http://citeseerx.ist.psu.edu/viewdoc/download?doi=10.1.1.617.8181&rep=rep1&type=pdf

 

Interesting that this pattern matches the steroidal hormone complex (see pregnenolone or testosterone or steroidal hormones and aging).

 

Just earlier.  Age 15 versus say 20.

 

Interestingly, a study looked at carnosine's effect with hypogonadism (low testosterone production) and it offsets some of the key deficits: 

Carnosine and β-alanine are strongly reduced resulting in increased fatigue and mental confusion.  

https://www.nature.com/articles/s41419-018-0587-9

 

That's a story for another day.

 

What about animal studies on the usual suspects?

 

A study looked at mice who are genetically programmed to age faster.

 

Results: 

A 50% survival rate of animals treated with carnosine increased by 20% as compared to controls. 

https://www.liebertpub.com/doi/abs/10.1089/rej.1.1999.2.337

 

Remember the skin study above?

 

Carnosine distinctly improved the appearance of the aged mice, whose coat fullness and color remained much closer to that of young animals. Significantly more carnosine-treated mice had glossy coats (44% vs. 5%), while fewer had skin ulcers (14% vs. 36%).

 

We need more studies the researchers take away: 

carnosine-treated animals can be characterized as more resistant to the development of features of aging

 

So…a quick synopsis of what carnosine does in the body before practical questions 

Benefits of carnosine in the body 

We're just going to hit the highlights.  

 

Since carnosine is a scavenger of damage at the genetic (and epigenetic) level, it's systemic.

 

A few key takeaways:

  • Reduces sugar and sugar-caused damage across the body (glycation and AGEs)
  • Anti-inflammatory
  • Reduces oxidative stress
  • Manages metal levels via chelation (to avoid build-up)
  • Supports metabolic pathway (triglycerides, lipids, glucose, insulin, etc)
  • Supports immune function (T cells,  thymus, etc)
  • Improves mitochondrial function (more and more efficient energy production)
  • Removes or reverts senescent "zombie" cells
  • Supports neurotransmitters and hormones y reducing MAO (which breaks down neurotransmitters and hormones)

 

Okay..we have to stop somewhere.  

 

We look forward to further trials.

 

SO…practical.

Practical questions around carnosine supplementation

Let's touch base on when, how much, and what.

 

First, what.

 

There are two ways to go: 

  • Carnosine
  • Beta-alanine

 

B-Alanine is one of the components of carnosine and it's thought to be a rate-limiting element in levels.

 

A study on exercise and endurance: 

β-ALA supplementation (e.g., 2-6 grams/day) has been shown to increase carnosine concentrations in skeletal muscle by 20-80%.  

https://pubmed.ncbi.nlm.nih.gov/23657886/

 

A standard supplement is around 2000mgs (2 grams).  

 

The standard take is that b-alanine is for efficient but they primarily focused on exercise-related effects (athletes are all over carnosine).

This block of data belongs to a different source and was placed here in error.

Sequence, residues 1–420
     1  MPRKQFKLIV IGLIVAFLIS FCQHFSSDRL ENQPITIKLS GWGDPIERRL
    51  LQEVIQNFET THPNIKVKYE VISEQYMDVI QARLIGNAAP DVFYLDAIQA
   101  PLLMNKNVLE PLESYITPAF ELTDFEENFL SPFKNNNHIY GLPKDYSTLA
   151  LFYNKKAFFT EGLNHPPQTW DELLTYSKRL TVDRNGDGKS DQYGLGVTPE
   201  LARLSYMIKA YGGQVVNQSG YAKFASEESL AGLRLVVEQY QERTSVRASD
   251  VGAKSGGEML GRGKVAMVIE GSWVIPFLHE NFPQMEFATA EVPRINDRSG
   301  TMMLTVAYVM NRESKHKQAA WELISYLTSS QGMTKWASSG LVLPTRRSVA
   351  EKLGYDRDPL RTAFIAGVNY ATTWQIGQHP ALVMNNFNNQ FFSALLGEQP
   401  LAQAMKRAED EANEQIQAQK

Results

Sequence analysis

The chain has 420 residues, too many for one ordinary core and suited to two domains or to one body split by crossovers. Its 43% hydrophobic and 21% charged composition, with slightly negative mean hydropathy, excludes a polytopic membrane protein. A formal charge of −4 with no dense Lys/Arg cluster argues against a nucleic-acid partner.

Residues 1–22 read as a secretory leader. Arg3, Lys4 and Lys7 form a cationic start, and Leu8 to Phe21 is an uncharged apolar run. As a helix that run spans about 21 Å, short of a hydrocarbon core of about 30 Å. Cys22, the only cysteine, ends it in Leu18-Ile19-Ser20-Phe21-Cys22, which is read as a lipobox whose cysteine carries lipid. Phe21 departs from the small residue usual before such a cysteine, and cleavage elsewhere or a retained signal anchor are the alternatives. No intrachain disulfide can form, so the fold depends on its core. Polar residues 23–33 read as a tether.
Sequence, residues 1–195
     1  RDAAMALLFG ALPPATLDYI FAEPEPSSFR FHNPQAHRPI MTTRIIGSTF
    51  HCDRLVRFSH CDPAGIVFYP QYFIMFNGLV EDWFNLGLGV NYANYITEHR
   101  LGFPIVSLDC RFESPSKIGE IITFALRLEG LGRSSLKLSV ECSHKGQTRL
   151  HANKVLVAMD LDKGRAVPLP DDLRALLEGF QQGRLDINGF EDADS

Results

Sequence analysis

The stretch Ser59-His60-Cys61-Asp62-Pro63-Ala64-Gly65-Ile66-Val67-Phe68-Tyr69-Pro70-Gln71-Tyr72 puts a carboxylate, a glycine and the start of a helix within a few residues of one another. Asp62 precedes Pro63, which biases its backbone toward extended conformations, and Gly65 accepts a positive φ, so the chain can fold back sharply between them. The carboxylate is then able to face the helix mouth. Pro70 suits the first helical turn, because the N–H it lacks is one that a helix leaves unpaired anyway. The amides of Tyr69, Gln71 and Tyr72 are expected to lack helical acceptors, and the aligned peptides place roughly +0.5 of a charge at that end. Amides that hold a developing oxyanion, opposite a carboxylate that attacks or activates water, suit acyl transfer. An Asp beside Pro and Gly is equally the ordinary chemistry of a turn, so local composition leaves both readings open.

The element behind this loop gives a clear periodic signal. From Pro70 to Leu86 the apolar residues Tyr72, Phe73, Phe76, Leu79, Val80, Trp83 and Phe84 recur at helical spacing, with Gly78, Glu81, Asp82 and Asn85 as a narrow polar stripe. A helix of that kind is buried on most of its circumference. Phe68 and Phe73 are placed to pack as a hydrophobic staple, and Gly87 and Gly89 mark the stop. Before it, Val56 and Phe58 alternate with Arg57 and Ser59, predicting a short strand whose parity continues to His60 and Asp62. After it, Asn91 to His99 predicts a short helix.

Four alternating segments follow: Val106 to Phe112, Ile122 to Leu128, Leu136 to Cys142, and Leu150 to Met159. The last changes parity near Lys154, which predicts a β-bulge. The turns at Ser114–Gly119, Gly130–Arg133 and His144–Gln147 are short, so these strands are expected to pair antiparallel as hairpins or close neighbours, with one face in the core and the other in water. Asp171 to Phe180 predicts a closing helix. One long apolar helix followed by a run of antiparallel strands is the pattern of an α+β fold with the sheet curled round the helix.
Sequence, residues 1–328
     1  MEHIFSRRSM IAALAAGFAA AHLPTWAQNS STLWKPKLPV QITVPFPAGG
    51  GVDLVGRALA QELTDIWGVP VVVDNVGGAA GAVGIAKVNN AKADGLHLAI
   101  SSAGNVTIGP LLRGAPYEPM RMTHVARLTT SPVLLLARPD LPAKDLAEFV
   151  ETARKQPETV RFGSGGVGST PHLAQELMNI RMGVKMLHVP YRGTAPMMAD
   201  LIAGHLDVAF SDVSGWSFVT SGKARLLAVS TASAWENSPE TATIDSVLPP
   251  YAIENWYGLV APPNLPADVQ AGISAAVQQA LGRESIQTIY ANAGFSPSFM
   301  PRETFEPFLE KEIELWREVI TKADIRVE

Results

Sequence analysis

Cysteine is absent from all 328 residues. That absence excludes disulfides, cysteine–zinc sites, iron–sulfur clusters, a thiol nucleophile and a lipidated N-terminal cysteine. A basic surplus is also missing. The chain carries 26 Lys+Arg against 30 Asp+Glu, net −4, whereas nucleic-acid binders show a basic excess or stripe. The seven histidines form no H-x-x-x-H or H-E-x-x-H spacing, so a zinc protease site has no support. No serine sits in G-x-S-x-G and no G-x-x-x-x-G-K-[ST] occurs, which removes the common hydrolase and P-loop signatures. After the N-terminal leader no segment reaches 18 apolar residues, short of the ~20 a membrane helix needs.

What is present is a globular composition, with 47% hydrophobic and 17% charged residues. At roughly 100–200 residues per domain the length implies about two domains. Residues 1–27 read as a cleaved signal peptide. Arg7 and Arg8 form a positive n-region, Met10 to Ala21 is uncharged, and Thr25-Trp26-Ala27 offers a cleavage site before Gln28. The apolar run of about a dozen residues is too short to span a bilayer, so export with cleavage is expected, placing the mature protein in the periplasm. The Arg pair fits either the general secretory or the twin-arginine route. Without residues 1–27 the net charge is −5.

Then there's carnosine directly.  

 

The standard dose referenced in research is between 500mg - 1500mg daily.

 

Some studies point to improved sleep but that was with autism (known sleep issues).

 

Carnosine calms the HPA axis (fight or flight) and supports GABA in the brain (target for benzos - see CBD versus benzos).

 

Serotonin and dopamine also figure into sleep and both are positively affected by carnosine.  

 

Test and see how you feel.

 

What about safety?

 

We really focus on longevity supplements that don't build tolerance and have strong safety profiles.

 

For example:

  • Magnesium glycinate
  • Siberian rhubarb (supports housekeeping side of estrogen)
  • Berberine - gut inflammation and gut barrier - interesting effect on AMPK for aging
  • Vitamin D - get tested but many people are deficient
  • Fisetin - interesting senolytic (remove zombie cells and cancer protection)
  • NAC - powerful antioxidant effects (interesting connection with carnosine below)

 

This limits the field quite a bit.

 

Carnosine is now our favorite on that list (beyond CBD of course - more on how CBD works for longevity).

 

Carnosine's safety profile is very strong.

 

The only thing we can find is that it calms blood pressure so if you're on blood pressure meds, be aware and work with your naturopath.

 

We take NAC along with carnosine for a very specific reason.

 

Carnosine is breaking apart cellular debris essentially.  NAC supports glutathione, our primary detox system which is critical for removing debris!

 

Glutathione also supports GLO2 which is the other big anti-glycation pathway so it's a win-win!

 

More on NAC here.

 

As new info comes in, we'll keep an eye out.

 

If we were betting people, we would go heavily on the fact that the glycation (AGE) reducing effect is going to be revolutionary in future studies.

 

Till Yamanaka factor research is full tilt.

 

Carnosine might be the discount Yamanaka factor we can use right now!

 

Be well. Take care of each other. Take care of yourself.

 

 shop cbd isolate oil online

 

Always work with a doctor or naturopath with any supplement!

The information provided here is not intended to treat an illness or substitute for professional medical advice, diagnosis, or treatment from a qualified healthcare provider.